Long-awaited gambling reforms to be revealed as smartphones branded ‘trapdoor to despair’ | Politics News
A new tax on gambling firms and maximum stakes for online slot machines are being considered under government plans to crack down on online addiction.
The government is due to publish its highly anticipated gambling review on Thursday following a number of delays.
Among the measures expected to be confirmed in the report is a consultation on new affordability checks on those making significant losses.
Outlining the government’s approach in The Times, Culture Secretary Lucy Frazer said the white paper will help “redress the power imbalance between punters and operators”.
Ms Frazer wrote: “We live in a freedom-loving democracy where, for the overwhelming majority of adults, betting is a bit of fun and it doesn’t come with ruinous consequences.”
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She warned that smartphones had become a “trapdoor to despair and isolation” with gambling now “not just on high streets but everywhere and anywhere, providing round-the-clock access to betting opportunities”.
Arguing that regulations had failed to keep up with the pace of change in the industry, Ms Frazer said there were “blindspots in the system that are being exploited, keeping addicts addicted and disproportionately impacting some of our communities who are least able to afford it”.
She added: “Our gambling white paper has measures to redress the power imbalance between punters and operators.
“It will do more to protect children and fund research on how we can do more to prevent addiction in the future.
“It will strengthen our regulator and make sure it is as savvy as the companies it regulates. Most importantly, it will match our words with deeds.”
While the full details will only be revealed later on Thursday, the expectation is that the plans will include stake limits for online slot machines and a requirement to slow down online casino games to stop players losing large amounts of money in a short timeframe.
The newspaper reported that the affordability checks under consideration would apply to those who make losses of £1,000 in a day and also those who lose £2,000 over 90 days.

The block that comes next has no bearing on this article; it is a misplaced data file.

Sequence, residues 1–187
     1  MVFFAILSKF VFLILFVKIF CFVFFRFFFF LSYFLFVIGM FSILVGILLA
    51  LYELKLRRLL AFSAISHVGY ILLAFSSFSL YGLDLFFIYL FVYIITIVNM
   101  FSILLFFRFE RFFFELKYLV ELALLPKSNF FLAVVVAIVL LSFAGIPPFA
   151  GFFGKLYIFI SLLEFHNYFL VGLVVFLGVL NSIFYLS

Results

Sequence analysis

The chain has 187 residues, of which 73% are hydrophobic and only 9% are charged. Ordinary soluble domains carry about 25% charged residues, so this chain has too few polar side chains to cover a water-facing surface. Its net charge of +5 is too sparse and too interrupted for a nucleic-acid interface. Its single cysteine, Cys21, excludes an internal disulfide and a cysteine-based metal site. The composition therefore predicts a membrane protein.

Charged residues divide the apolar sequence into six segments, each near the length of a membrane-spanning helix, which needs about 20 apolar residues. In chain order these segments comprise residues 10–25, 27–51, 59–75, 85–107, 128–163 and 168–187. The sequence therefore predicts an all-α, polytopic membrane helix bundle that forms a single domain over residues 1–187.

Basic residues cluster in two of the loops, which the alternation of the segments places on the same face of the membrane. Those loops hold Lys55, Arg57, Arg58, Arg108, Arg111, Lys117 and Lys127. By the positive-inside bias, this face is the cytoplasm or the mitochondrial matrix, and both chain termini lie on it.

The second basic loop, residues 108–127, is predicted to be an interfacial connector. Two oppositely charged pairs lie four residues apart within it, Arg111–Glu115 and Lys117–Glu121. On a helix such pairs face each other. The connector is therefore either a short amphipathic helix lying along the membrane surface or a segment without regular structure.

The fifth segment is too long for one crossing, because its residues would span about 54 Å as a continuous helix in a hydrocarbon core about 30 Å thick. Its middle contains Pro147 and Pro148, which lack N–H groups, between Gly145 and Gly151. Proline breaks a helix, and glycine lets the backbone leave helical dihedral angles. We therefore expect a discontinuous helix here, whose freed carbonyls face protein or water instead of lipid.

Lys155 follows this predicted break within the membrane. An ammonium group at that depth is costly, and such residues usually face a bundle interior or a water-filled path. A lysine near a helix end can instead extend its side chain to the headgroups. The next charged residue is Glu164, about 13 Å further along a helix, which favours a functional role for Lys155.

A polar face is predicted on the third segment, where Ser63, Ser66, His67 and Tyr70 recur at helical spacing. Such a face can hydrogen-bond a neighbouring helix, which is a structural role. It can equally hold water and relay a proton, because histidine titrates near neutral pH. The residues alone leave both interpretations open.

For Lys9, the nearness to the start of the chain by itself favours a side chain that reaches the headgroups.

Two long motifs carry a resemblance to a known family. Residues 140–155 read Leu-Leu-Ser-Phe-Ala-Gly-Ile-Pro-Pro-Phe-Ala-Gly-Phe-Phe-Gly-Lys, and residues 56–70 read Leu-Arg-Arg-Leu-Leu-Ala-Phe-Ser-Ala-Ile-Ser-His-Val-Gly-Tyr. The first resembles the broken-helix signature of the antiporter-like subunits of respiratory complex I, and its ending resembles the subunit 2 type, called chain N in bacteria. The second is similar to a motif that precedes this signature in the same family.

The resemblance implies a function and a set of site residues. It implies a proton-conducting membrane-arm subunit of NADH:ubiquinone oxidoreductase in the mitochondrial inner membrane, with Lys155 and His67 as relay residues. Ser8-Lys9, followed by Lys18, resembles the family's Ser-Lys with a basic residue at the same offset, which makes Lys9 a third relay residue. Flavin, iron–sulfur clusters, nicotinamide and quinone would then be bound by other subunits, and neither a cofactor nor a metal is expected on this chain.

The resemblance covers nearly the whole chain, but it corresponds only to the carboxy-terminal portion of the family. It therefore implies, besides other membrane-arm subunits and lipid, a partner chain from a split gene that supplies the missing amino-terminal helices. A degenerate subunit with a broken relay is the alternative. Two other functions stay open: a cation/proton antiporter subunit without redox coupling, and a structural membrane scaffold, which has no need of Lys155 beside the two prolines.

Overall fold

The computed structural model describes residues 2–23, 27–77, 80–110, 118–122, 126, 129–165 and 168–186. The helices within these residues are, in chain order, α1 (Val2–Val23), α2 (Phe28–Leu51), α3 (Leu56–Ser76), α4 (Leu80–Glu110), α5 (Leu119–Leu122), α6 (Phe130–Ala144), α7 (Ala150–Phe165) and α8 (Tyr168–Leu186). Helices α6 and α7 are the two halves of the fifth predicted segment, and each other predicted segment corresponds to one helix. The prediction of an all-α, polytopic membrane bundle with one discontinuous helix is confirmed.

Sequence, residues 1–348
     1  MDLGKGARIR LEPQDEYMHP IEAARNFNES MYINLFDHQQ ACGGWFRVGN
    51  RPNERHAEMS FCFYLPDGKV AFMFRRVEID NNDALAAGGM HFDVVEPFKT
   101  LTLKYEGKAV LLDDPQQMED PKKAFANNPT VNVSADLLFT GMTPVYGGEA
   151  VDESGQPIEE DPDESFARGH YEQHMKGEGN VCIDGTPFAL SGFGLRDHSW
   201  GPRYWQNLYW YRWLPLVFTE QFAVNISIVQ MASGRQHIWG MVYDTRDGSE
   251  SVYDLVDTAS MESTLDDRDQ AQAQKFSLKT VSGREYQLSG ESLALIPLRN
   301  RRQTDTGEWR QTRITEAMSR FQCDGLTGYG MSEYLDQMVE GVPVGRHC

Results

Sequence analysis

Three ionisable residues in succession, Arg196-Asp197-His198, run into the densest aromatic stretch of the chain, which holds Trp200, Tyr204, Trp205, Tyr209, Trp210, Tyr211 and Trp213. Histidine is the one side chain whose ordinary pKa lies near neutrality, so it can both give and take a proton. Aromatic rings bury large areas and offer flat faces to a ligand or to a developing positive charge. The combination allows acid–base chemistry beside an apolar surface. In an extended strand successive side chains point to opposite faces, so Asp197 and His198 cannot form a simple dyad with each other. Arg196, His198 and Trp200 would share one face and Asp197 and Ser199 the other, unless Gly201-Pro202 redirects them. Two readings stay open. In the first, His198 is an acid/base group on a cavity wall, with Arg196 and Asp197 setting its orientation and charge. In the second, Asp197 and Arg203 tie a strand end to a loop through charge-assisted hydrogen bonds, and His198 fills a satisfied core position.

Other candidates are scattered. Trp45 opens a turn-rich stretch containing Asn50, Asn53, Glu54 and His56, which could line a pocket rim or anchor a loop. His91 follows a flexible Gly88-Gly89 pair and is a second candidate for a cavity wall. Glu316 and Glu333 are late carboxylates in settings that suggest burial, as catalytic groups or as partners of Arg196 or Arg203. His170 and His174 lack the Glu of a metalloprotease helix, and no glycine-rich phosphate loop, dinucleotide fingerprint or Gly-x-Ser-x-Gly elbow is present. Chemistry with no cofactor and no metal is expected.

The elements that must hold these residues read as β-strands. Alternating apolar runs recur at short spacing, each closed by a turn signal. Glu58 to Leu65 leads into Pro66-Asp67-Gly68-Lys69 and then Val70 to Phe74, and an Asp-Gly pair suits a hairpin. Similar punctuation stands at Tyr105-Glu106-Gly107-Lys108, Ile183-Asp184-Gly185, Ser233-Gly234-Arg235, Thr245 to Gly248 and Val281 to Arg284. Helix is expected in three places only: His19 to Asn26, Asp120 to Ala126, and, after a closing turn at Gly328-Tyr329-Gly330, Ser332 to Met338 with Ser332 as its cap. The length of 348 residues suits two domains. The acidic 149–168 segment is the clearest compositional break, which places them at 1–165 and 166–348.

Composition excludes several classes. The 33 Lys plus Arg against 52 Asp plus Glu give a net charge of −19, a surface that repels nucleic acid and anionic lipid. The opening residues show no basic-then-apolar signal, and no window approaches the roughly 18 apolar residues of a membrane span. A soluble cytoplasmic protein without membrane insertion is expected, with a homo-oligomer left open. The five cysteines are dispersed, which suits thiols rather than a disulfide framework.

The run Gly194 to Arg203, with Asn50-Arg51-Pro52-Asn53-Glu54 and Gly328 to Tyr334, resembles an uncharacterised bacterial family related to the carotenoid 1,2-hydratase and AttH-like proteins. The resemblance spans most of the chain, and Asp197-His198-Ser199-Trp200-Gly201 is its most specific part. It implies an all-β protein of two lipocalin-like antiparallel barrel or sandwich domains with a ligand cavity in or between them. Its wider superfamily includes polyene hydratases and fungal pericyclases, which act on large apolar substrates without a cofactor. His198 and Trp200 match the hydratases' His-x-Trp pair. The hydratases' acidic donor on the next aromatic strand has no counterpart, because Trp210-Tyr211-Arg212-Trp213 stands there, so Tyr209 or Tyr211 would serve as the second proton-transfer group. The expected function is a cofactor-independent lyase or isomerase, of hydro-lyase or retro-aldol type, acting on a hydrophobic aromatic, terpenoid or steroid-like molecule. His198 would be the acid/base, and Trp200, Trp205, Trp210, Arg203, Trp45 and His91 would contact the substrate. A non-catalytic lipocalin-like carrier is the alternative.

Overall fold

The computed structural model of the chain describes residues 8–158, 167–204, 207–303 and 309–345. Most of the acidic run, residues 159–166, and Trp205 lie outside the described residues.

Ministers will also consult on a new mandatory levy to replace the current voluntary levy that will be spent on funding addiction education, treatment and research.
The Times reported that the levy, if enforced, could mean that large companies pay 1% of their profits to potentially fund NHS treatment for those who are addicted.
However, the newspaper said that VIP schemes offering hospitality and bonuses to biggest losers will not be banned.
The government has been under pressure to act following a number of cases in which people have taken their own lives over their addiction to gambling.
Last year, the parents of Jack Ritchie, 24, accused the government of being “asleep at the wheel” in their failure to regulate an industry they described as “predatory” and “parasitic”.
A landmark inquest into the suicide of Mr Ritchie found that regulation, NHS treatment and government warnings about the dangers of gambling were “woefully inadequate”.
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The inquest in Sheffield was the first of its kind to examine the link between suicide and gambling and the way it is regulated.
Gambling With Lives, a charity that was set up by families bereaved by gambling-related suicide, said ahead of the report’s publication: “We’ll welcome any positives in today’s white paper, but it seems much will be pushed to consultation, meaning more delay.
“We’ve waited years, more than 1,000 people have died while the industry has made billions in profit from harm. We need action now to stop the deaths.
Labour’s shadow culture secretary Lucy Powell accused the government of being “beset by chaos and delay” over the white paper.
She added: “There is broad consensus in parliament that we need to update analogue gambling regulation so it is fit for the digital age, yet the Conservatives’ failure to govern means this is still some way off. We will work to ensure that gambling laws are urgently updated.”
Peter Jackson, chief executive of Flutter Entertainment plc, said: “We welcome the publication of the white paper, which marks a significant moment for the UK gambling sector.
“Whilst we will need to review the detail of the proposals once published, we believe proactive change will lead to a better future for our industry.
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“As such we have introduced industry-leading safer gambling controls via our ‘Play Well’ strategy over the last few years, including setting mandatory deposit limits for customers under age 25, reducing online slots staking limits to £10 per spin and making material investments in our safer gambling operational capabilities.
“We will continue to constructively engage with the government and Gambling Commission as part of any subsequent industry consultation processes, with a focus on providing support to the minority at risk of gambling harm without interfering disproportionately with the enjoyment of the vast majority.”
Anyone feeling emotionally distressed or suicidal can call Samaritans for help on 116 123 or email email@example.com in the UK. In the US, call the Samaritans branch in your area or 1 (800) 273-TALK